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I want to write multiple objects to a file, but the problem is that I dont have all the objects to write at once. I have to write one object and then close the file, and then maybe after sometime I want to add another object to the same file.

I am currently doing it as FileOutputStream("filename", true) so that it will append the object to the end of file and not overwrite it. But I get this error :

java.io.StreamCorruptedException: invalid type code: AC

any ideas how can I solve this issue ?


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if you do not need random access to the objects, @Jon's answer is on the mark. However if you do (i.e. dont want to read all of them), you need directory at the beginning (or end) of the file w/ some the offset, some key to and length. Alternatively just use separate files, nowadays file systems (esp ext4) are pretty good at organizing even small files efficiently (esp if you have SSD :D ) – bestsss Oct 20 '11 at 6:19
Thank you everyone, The solution proposed by Jon seems robust but its too complicated for me, so I guess I'll settle for your solution (creating separate files for each new object) or EJP's solution of reading old objects and then write all the old+new objects to the file gain. – comatose Oct 21 '11 at 1:43
up vote 2 down vote accepted

You can't append different ObjectOutputStreams to the same file. You would have to use a different form of serialization, or read the file in and write out all the objects plus the new objects to a new file.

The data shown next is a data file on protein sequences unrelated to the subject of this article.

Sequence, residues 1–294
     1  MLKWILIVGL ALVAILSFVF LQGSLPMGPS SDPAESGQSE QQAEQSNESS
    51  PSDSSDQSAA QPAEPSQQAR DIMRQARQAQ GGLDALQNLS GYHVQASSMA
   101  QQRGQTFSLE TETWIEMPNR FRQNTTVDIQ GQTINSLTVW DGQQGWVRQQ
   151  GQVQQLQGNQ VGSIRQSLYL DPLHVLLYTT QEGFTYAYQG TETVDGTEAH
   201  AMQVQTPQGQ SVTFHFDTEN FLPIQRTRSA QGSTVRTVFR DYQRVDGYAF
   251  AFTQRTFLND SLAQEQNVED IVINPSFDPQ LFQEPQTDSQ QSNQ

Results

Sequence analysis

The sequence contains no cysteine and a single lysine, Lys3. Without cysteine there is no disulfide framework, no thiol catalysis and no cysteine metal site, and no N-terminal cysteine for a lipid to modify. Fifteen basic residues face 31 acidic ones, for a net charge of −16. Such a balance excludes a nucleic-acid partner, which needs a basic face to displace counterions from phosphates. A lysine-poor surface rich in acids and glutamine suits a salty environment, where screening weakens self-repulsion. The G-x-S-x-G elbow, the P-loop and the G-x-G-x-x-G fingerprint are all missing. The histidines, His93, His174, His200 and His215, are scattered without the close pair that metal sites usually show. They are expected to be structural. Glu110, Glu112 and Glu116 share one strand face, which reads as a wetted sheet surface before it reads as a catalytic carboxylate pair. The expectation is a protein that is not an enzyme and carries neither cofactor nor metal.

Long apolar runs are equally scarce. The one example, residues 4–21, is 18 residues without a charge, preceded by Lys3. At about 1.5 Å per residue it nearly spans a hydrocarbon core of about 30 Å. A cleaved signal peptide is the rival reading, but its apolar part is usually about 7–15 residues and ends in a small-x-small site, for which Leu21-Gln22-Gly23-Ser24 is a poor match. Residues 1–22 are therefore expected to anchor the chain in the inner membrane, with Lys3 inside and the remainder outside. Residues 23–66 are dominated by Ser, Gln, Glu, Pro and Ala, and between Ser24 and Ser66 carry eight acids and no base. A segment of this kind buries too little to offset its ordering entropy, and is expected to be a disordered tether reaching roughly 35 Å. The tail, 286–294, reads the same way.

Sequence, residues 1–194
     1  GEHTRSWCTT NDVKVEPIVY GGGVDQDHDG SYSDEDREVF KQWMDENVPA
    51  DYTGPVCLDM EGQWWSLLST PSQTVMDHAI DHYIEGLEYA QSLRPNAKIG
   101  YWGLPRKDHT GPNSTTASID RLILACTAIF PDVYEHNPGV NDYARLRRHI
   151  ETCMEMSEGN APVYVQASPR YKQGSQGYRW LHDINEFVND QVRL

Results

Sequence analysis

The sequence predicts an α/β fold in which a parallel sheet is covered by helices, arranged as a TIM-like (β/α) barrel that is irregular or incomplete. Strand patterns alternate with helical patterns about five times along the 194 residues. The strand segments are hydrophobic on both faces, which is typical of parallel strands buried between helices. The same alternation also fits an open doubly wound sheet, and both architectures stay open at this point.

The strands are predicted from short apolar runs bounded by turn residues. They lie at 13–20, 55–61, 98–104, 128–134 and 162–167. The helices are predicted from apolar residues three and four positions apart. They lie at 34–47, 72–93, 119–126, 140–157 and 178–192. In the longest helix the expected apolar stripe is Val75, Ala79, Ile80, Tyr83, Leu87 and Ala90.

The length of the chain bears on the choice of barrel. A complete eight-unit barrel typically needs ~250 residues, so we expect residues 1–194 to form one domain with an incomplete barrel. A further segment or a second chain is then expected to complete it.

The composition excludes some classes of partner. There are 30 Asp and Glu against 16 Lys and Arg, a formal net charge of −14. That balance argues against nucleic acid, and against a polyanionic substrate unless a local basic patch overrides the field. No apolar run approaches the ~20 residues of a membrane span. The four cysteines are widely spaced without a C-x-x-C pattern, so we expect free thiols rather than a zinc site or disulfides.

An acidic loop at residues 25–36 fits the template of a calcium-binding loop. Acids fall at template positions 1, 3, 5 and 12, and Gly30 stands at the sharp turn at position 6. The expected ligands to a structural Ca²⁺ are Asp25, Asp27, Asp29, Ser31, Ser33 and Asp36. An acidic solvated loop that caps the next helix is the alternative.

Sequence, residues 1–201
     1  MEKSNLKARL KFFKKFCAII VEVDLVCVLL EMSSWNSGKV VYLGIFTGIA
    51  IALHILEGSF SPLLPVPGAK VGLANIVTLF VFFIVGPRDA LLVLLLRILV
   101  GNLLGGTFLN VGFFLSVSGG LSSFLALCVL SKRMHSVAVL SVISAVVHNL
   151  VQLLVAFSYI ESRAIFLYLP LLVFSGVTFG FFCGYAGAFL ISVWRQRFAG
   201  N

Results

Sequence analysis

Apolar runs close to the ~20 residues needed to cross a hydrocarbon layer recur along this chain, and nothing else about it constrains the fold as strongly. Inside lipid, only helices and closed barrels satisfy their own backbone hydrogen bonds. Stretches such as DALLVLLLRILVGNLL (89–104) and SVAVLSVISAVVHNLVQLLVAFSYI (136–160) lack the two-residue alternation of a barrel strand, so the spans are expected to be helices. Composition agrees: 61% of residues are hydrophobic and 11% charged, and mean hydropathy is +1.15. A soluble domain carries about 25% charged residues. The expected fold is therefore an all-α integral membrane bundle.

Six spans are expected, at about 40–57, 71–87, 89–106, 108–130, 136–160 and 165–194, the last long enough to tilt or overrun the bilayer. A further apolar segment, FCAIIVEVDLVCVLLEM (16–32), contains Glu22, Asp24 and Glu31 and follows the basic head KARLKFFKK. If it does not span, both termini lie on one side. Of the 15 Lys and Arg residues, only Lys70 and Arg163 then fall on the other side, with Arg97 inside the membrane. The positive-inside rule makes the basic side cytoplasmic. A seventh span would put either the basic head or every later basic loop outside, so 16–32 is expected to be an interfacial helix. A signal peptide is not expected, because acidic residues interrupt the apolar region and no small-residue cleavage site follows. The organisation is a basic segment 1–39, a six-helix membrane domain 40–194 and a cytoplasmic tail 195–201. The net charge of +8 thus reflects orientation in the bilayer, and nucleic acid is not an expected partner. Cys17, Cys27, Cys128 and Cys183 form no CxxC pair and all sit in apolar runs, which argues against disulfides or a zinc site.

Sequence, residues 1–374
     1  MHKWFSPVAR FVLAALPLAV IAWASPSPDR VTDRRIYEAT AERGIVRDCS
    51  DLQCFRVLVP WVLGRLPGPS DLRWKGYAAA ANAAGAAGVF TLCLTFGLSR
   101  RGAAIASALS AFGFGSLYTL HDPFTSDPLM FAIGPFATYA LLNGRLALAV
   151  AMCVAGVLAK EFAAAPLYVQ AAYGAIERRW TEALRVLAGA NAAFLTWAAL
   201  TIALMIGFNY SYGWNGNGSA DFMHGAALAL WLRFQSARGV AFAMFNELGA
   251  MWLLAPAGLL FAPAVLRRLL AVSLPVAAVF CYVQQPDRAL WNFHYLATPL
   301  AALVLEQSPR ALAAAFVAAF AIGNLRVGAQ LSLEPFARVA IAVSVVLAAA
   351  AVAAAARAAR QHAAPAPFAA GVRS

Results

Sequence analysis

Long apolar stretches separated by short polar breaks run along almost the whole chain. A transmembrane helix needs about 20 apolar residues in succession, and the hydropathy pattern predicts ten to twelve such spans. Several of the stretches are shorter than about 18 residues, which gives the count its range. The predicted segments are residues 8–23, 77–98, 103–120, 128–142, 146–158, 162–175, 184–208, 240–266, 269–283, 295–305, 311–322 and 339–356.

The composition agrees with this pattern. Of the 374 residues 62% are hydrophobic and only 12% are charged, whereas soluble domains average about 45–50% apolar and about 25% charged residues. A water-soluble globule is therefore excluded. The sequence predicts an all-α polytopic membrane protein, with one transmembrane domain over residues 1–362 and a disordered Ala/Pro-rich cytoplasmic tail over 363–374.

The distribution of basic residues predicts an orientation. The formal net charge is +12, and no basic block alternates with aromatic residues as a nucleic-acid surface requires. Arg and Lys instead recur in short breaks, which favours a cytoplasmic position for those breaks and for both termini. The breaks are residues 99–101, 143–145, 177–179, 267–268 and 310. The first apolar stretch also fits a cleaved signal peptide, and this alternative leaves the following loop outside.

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One option is to segment the file into individual messages. When you want to write a message, first serialize it to a ByteArrayOutputStream. Then open the file for appending with DataOutputStream - write the length with writeInt, then write the data.

When you're reading from the stream, you'd open it with DataInputStream, then repeatedly call readInt to find the length of the next message, then readFully to read the message itself. Put the message into ByteArrayInputStream and then deserialize from that.

Alternatively, use a nicer serialization format than the built-in Java serialization - I'm a fan of Protocol Buffers but there are lots of alternatives available. The built-in serialization is too brittle for my liking.

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You need to serialize/deserialize the List<T>. Take a look at this stackoverflow thread.

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